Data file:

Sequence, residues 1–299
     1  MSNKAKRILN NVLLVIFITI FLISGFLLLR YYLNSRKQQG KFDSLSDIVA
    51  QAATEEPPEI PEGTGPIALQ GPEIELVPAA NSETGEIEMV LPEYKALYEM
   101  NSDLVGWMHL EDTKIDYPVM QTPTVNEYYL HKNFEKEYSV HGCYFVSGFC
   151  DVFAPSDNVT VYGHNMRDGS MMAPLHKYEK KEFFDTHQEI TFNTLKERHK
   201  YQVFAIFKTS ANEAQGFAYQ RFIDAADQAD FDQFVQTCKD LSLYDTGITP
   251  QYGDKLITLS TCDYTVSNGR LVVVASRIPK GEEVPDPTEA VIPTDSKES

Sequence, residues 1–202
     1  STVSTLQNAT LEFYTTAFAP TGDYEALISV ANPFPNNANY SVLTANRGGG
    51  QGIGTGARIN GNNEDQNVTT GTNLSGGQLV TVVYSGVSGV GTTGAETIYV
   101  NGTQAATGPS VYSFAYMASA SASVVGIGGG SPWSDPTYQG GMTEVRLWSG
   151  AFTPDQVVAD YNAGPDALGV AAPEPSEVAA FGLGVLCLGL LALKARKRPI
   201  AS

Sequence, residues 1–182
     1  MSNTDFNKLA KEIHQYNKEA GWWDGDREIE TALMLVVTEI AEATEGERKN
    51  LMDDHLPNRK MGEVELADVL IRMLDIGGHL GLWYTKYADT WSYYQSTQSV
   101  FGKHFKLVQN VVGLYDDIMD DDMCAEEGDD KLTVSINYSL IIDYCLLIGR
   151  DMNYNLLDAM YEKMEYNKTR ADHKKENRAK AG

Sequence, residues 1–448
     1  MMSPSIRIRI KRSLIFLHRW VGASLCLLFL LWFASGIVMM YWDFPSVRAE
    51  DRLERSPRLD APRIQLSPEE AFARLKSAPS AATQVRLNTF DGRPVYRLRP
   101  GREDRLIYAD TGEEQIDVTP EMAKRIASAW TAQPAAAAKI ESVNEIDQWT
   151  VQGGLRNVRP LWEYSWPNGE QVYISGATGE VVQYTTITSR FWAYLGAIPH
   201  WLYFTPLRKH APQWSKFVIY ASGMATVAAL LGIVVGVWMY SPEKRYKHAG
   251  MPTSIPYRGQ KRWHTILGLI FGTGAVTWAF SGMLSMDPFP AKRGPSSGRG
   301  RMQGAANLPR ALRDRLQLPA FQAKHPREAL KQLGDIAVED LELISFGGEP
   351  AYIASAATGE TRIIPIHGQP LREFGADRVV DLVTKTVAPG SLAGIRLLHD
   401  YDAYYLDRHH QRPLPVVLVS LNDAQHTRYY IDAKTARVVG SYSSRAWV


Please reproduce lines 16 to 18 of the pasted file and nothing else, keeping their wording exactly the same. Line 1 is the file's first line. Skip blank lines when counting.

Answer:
    51  LMDDHLPNRK MGEVELADVL IRMLDIGGHL GLWYTKYADT WSYYQSTQSV
   101  FGKHFKLVQN VVGLYDDIMD DDMCAEEGDD KLTVSINYSL IIDYCLLIGR
   151  DMNYNLLDAM YEKMEYNKTR ADHKKENRAK AG